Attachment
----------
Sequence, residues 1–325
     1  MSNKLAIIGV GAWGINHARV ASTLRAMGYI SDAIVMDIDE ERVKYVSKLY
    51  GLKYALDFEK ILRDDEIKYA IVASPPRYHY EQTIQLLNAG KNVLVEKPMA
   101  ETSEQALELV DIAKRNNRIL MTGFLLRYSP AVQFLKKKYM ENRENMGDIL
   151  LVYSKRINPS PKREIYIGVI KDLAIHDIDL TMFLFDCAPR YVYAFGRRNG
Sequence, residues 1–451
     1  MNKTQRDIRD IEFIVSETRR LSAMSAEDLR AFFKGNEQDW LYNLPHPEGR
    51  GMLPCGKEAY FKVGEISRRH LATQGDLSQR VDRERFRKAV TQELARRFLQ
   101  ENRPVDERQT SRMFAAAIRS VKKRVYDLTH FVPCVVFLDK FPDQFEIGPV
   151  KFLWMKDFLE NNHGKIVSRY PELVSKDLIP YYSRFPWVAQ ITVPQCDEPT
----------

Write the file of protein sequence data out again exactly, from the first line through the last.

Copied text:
Sequence, residues 1–325
     1  MSNKLAIIGV GAWGINHARV ASTLRAMGYI SDAIVMDIDE ERVKYVSKLY
    51  GLKYALDFEK ILRDDEIKYA IVASPPRYHY EQTIQLLNAG KNVLVEKPMA
   101  ETSEQALELV DIAKRNNRIL MTGFLLRYSP AVQFLKKKYM ENRENMGDIL
   151  LVYSKRINPS PKREIYIGVI KDLAIHDIDL TMFLFDCAPR YVYAFGRRNG
Sequence, residues 1–451
     1  MNKTQRDIRD IEFIVSETRR LSAMSAEDLR AFFKGNEQDW LYNLPHPEGR
    51  GMLPCGKEAY FKVGEISRRH LATQGDLSQR VDRERFRKAV TQELARRFLQ
   101  ENRPVDERQT SRMFAAAIRS VKKRVYDLTH FVPCVVFLDK FPDQFEIGPV
   151  KFLWMKDFLE NNHGKIVSRY PELVSKDLIP YYSRFPWVAQ ITVPQCDEPT